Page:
Suppose,you have a ribbon that can be tightly wrapped around the equatorial circumference of the earth. Now you increase its length by 1 metre. Now your job is to calculate how much high equally it can be raised all around the circumference of the earth.
I WANT THE EXACT ANSWER.BEST OF LUCK!!!
CLUE: The answer is a surprising one.

\(\Delta L=2 \pi \Delta r\), where \(\Delta r\) is the desired uniform increase in height and \(\Delta L\) is the increase in ribbon length. This is the same equation to be used in the other ribbon problem.

I used to ponder this question while running around a racetrack, intrigued how the extra distance between tracks is independent of the radius of curvature. A better question is to ask, at what latitude relative to the equator will the height increase by 1 meter for a stretched ribbon at constant length?

Easy Math Editor

`*italics*`

or`_italics_`

italics`**bold**`

or`__bold__`

boldNote: you must add a full line of space before and after lists for them to show up correctlyparagraph 1

paragraph 2

`[example link](https://brilliant.org)`

`> This is a quote`

Remember to wrap math in \( ... \) or \[ ... \] to ensure proper formatting.`2 \times 3`

`2^{34}`

`a_{i-1}`

`\frac{2}{3}`

`\sqrt{2}`

`\sum_{i=1}^3`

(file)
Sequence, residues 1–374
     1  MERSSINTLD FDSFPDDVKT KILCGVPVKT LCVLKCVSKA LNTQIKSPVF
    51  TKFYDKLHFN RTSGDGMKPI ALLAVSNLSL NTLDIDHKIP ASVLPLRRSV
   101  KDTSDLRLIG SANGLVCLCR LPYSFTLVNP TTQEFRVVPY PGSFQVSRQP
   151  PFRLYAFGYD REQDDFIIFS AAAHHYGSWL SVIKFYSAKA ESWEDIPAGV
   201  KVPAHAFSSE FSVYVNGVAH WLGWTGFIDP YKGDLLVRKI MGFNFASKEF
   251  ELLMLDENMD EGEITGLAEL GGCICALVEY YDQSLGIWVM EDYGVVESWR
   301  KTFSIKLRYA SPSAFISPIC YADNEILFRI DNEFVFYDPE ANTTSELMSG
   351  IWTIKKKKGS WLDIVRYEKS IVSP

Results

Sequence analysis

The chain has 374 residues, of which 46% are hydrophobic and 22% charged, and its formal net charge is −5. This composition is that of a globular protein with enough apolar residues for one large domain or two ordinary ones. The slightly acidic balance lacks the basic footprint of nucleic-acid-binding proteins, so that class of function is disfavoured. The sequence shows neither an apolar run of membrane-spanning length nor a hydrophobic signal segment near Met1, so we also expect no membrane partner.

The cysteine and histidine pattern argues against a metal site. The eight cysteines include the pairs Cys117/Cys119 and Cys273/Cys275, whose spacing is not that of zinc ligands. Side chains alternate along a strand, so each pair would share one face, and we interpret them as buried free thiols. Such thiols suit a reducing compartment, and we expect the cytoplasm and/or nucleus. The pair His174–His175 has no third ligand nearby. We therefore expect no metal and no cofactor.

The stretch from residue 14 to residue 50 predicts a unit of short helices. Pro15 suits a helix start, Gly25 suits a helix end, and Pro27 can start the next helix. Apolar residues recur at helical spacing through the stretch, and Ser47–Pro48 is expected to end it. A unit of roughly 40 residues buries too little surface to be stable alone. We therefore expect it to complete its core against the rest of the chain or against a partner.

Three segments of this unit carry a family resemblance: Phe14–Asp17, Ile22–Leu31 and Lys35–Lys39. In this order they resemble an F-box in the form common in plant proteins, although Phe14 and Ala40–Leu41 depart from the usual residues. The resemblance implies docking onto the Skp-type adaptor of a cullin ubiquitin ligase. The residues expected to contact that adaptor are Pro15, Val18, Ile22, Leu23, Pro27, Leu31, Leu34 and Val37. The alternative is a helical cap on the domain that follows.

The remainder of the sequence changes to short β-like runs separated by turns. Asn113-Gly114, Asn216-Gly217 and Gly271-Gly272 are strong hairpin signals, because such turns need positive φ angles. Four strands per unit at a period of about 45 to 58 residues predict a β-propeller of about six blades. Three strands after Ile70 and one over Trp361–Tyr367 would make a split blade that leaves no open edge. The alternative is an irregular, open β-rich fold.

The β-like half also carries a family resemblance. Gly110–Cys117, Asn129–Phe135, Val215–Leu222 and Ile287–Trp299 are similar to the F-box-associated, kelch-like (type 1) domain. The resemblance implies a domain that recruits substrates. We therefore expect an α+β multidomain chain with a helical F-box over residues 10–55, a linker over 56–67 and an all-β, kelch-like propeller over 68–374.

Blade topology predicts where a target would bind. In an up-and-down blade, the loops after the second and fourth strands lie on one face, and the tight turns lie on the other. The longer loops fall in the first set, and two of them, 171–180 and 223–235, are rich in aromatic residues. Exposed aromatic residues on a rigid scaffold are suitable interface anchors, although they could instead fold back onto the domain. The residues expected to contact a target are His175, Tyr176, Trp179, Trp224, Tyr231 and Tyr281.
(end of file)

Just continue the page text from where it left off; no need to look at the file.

`\sin \theta`

`\boxed{123}`

## Comments

Sort by:

TopNewest\(\Delta L=2 \pi \Delta r\), where \(\Delta r\) is the desired uniform increase in height and \(\Delta L\) is the increase in ribbon length. This is the same equation to be used in the other ribbon problem.

I used to ponder this question while running around a racetrack, intrigued how the extra distance between tracks is independent of the radius of curvature. A better question is to ask, at what latitude relative to the equator will the height increase by 1 meter for a stretched ribbon at constant length?

Log in to reply

what ans. u got?

Log in to reply

Give me any planet or sphere in the universe and \(\Delta L = 1\) m, and the height will be \(\Delta r = \frac {1} {2 \pi} \) m.

Log in to reply

Log in to reply

1/2 pie

Log in to reply

Log in to reply

1/2 pie

Log in to reply